Indian industrialist Sajjan Jindal’s steel-to-energy conglomerate JSW Group will make a $7bn bid for Holcim’s India subsidiaries as the Swiss cement group seeks to divest from international assets.
Jindal said in an interview that JSW would offer $4.5bn in its own equity and $2.5bn from undisclosed private equity partners for Holcim’s Indian assets Ambuja Cement and ACC.
The JSW chair said the acquisition of 63 per cent of Ambuja would be a “game-changer”.
If the deal is successful, it would increase JSW’s market share of the Indian cement market from about 3 per cent to 16 per cent, said analysts.
“This M&A opportunity is a one in a decade opportunity,” said Sumangal Nevatia, senior vice-president for metals, mining and cement at Kotak Securities.
Jindal is reportedly up against other powerful Indian conglomerates including the Birla and Adani families for the cement company, which controls 13 per cent of the Indian market, Nevatia said, with annual production of 26mn tonnes in 2021.
Ambuja’s shares have risen 15 per cent this month to Rs370.43 ($4.83). Holcim declined to comment.
JSW’s attempt to expand its cement business comes as the steel company, India’s biggest by market cap with revenues last year of $9.4bn, is working to acquire coal mines abroad to offset supply disruptions and high commodity costs.
Surging post-pandemic demand and the Ukraine war have pushed prices for the steelmaking commodity to record highs, with Australian coking coal hitting $590 a tonne in March, according to data provider CoalMint.
“The conflict is affecting the commodity prices globally and that’s giving a big concern,” Jindal said. “A lot of people are deferring their projects because they’re all feeling the cost has gone up nearly 40, 50 per cent.”
Jindal said he is lobbying Indian prime minister Narendra Modi’s government to develop more coking coal deposits, which were nationalised until 2020.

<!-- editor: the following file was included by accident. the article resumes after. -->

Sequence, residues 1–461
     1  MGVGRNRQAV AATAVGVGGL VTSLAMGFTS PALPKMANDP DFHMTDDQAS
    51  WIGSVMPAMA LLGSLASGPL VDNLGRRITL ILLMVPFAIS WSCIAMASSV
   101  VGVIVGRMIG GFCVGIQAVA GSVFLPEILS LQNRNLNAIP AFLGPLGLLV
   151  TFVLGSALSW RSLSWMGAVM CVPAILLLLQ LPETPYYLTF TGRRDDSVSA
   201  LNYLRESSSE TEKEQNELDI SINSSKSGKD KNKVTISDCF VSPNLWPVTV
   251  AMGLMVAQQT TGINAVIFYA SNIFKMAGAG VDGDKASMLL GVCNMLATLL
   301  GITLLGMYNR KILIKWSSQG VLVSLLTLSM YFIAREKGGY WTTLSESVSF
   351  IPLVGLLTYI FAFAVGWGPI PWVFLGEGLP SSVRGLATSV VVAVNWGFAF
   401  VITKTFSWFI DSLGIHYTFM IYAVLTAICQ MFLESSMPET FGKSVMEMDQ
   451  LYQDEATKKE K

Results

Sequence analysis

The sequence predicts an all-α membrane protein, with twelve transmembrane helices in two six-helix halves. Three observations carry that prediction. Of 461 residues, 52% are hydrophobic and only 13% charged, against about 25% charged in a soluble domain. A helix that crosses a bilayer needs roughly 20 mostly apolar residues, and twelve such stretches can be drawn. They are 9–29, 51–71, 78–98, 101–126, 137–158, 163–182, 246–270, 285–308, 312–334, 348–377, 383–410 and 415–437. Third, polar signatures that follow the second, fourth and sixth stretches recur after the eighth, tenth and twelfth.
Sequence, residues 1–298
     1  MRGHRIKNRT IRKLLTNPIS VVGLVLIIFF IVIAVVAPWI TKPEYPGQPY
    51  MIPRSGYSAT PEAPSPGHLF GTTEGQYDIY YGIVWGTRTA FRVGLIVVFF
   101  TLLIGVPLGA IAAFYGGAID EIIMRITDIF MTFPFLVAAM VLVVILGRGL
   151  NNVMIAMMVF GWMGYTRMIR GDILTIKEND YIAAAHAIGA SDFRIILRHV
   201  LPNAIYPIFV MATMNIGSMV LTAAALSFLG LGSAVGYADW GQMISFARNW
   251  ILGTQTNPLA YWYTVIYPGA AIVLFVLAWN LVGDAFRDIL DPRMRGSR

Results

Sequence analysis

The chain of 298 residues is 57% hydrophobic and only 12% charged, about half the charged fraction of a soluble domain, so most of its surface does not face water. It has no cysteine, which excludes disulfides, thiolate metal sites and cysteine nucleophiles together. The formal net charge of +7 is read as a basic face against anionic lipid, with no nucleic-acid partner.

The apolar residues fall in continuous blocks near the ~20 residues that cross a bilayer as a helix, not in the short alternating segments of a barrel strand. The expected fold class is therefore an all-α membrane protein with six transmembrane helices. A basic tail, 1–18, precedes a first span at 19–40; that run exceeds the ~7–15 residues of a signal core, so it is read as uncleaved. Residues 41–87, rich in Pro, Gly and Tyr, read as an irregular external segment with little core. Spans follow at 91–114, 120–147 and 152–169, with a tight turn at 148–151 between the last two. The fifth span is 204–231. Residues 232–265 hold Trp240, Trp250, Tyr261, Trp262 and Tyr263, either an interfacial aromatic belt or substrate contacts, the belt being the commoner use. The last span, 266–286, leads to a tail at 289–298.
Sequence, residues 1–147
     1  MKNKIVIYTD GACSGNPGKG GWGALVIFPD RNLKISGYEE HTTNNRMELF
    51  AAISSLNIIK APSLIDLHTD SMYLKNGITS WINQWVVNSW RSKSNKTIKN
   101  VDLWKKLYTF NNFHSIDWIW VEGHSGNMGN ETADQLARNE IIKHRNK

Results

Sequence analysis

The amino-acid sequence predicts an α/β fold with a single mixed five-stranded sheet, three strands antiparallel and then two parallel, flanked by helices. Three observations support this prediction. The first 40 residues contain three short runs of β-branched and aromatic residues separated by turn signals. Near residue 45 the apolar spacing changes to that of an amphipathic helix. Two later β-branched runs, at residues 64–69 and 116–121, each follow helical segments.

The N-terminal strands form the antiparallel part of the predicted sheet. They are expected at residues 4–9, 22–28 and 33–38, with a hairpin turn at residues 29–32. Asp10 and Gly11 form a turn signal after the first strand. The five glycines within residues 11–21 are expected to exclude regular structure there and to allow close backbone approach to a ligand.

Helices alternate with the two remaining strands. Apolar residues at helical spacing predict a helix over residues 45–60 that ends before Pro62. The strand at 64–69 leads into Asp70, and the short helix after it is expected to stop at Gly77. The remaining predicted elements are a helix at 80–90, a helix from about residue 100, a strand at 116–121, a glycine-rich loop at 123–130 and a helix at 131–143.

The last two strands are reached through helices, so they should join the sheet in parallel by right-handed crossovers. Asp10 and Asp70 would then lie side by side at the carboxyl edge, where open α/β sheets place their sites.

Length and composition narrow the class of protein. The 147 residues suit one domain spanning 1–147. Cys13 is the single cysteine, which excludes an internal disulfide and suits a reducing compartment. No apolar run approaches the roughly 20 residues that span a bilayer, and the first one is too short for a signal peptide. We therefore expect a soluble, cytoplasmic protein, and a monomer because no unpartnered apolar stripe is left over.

“Now with these kind of prices, there is a big opportunity and big incentive for the private sector to go out there and mine that coal and start using it,” said Jindal.
He said he talked to Modi about the issue, saying: “We have to import this coking coal from Australia and Canada and we are sitting on such a large deposit so why don’t we have ‘mission coking coal’ started? And he [Modi] immediately accepted that.”
Jindal added that Modi “is close to every business house in India which is growth oriented, which is nationalistic, which is willing to take big bets in this country, build big industries”.
He said that JSW Steel had met Russian coal traders but were not offered a serious discount. “It’s not very attractive to buy from Russia, and then also that would upset our customers in the US and in Europe”, he said.
The tycoon outlined plans to start mining in the Jharia coalfields in the eastern state of Jharkhand.
Jharia is estimated to contain 19.4bn tonnes of coking coal, according to JSW, although the site has been controversial because of poverty and pollution in the communities that live and work there.
Jharia is “a densely populated area, and the government is also finding it very difficult to do resettlement of those people and open up those mines”, Jindal said.
JSW said that “the main operational challenge would be rehabilitation and resettlement of approximately 1mn residents”.
JSW’s steel business in India has outpaced rival Tata Steel to become the biggest by market capitalisation at $22bn, according to the companies’ stock market listings. But Jindal said JSW Steel’s two foreign ventures have struggled, partially blaming business rivals for influencing governments against them.
“In any country for a foreign company to come and do business, it’s not very easy,” Jindal said, describing his ventures in the US and Italy as “not successful”.
He added that JSW Steel is selling its Italian business, which it acquired in 2018 for €55mn. He admitted there would be “some loss, but not a big deal”.